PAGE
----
Obesity is a disorder of positive energy balance, with energy intake exceeding energy expenditure. Food is a powerful reinforcer in youth and one of the factors that may relate to the positive energy balance in obese youth is differences in the motivation to eat [1
]. A number of studies on choice responding and preference have examined factors that influence the choice between eating and engaging in alternative activities [2
]. However, most of this research isolates the individual from any possible source of social influence and few experimental studies have directly tested whether the social context influences the food intake of children and adolescents.
Studies in adults indicate that individuals often eat more and spend more time eating when in the presence of others than when alone (e.g., [3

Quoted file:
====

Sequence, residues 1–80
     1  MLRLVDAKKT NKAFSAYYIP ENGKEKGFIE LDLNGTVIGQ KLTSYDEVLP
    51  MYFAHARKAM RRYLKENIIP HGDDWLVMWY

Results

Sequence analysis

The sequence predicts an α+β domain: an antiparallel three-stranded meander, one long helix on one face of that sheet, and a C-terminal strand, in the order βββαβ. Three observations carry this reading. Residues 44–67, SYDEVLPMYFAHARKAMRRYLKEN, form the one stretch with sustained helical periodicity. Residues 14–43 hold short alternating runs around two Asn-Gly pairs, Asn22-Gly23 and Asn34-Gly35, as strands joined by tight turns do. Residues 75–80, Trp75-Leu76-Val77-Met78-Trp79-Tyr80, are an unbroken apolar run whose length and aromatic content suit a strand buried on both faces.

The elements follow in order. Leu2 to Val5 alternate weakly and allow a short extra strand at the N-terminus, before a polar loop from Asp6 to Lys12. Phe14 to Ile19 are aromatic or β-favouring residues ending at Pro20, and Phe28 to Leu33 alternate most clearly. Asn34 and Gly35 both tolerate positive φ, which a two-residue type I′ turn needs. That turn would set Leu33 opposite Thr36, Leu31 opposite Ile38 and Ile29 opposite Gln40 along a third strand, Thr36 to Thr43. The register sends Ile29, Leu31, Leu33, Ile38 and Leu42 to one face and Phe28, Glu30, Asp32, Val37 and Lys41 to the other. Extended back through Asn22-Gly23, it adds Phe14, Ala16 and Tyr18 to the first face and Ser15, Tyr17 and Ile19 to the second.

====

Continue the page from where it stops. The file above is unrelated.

] see also [5
]), a phenomenon known as social facilitation of eating. However, there is also evidence that the presence of others may impact differently on the eating behavior of overweight and normal-weight individuals. For instance, Krantz reported that overweight individuals chose higher-caloric meals in a cafeteria when they were alone than when in the presence of others [6
]. In contrast, normal-weight individuals chose larger meals when with others than when alone, which is consistent with the literature on social facilitation of eating [7
]. Krantz suggests that the social stigma associated with overweight and obesity accounts for these results, postulating that heightened concerns about weight led to reduced intake in obese individuals in the presence of others. By contrast, normal-weight individuals presumably increase their intake when in a group as a result of the social nature of the upcoming lunch — rather than eating on the run, the lunch becomes a social opportunity [6
]. This logic follows the ‘time extension’ hypothesis put forth by De Castro [3